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HIV, Hepatitis C, and Sexually Transmitted Infection Screening and Treatment

Our team provides an expanded form of HIV/STI screening and care, including:

Laboratory Screening

Testing for a disease in someone who doesn't have symptoms is called screening. Most of the time, STI screening is not a routine part of health care. However, comprehensive STI screening is recommended for everyone above the age of 13. Here are some other groups that may be interested in STI screenings: 


  • People born between 1945 and 1965: There's a high incidence of hepatitis C in people born between 1945 and 1965. Since the disease often causes no symptoms until it's advanced, experts recommend that everyone in that age group be screened for hepatitis C.

  • Pregnant women: All pregnant women will generally be screened for HIV, hepatitis B, chlamydia and syphilis at their first prenatal visit. Gonorrhea and hepatitis C screening tests are recommended at least once during pregnancy for women at high risk of these infections.

  • Women age 21 and older. The Pap test screens for changes in the cells of the cervix, including inflammation, precancerous changes and cancer. Cervical cancer is often caused by certain strains of HPV.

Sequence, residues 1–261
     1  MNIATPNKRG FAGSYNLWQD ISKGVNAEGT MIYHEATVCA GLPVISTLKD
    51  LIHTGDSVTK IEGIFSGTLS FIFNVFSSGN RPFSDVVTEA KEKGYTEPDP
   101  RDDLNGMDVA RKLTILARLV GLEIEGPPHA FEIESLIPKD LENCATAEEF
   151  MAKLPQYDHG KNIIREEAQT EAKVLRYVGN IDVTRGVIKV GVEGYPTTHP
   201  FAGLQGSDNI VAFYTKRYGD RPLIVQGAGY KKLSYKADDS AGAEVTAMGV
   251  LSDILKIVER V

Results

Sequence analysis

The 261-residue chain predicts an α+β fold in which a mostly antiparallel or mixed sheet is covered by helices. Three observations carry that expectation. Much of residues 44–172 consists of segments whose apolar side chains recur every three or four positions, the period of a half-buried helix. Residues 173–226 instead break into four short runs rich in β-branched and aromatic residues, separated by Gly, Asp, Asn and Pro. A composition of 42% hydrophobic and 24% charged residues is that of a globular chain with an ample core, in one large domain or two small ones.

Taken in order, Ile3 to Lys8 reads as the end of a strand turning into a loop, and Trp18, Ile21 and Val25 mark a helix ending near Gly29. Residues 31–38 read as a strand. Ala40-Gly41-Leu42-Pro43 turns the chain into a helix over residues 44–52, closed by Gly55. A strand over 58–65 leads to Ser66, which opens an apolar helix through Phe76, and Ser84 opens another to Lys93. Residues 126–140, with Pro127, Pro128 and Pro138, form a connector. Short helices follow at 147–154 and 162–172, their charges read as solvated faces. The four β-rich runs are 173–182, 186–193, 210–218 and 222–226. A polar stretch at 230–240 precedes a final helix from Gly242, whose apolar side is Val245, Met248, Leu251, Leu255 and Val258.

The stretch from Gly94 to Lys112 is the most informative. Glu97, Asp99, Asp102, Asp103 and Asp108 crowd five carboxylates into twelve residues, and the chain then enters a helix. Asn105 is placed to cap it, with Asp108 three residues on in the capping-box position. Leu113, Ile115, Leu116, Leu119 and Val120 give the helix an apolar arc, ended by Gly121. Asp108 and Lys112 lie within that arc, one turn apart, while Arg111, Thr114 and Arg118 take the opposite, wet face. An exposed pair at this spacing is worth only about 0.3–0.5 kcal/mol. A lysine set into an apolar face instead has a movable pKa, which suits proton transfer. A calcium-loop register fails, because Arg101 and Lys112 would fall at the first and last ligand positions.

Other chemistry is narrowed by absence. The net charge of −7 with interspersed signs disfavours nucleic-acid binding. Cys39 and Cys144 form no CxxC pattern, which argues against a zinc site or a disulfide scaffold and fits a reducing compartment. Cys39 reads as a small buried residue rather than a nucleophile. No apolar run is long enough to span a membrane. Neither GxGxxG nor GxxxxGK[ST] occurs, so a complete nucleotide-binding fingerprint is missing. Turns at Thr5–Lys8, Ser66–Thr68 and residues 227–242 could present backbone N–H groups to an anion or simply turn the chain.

• Women under age 25 who are sexually active. Experts recommend that all sexually active women under age 25 be tested for chlamydia infection. The chlamydia test uses a sample of urine or vaginal fluid you can collect yourself.

  • Men who have sex with men (MSM): Compared with other groups, men who have sex with men run a higher risk of acquiring STIs. Many public health groups recommend annual or more-frequent STI screening for these men. Regular tests for HIV, syphilis, chlamydia and gonorrhea are particularly important. Evaluation for hepatitis B also may be recommended.

  • People living with HIV: If you have HIV, it can greatly raise your likelihood of contracting other STIs. Experts recommend immediate testing for syphilis, gonorrhea, chlamydia and herpes after being diagnosed with HIV. They also recommend that people living with HIV be screened for Hepatitis C.

  • People who have a new partner Before having vaginal or anal intercourse with new partners, be sure you've both been tested for STIs. However, routine testing for genital herpes isn't recommended unless you have symptoms.


​At Wyckoff, we perform multiple forms of laboratory testing for the following STIs: 

  • HIV 

  • Gonorrhea

  • Chlamydia

  • Syphilis

  • Hepatitis A, B, and C

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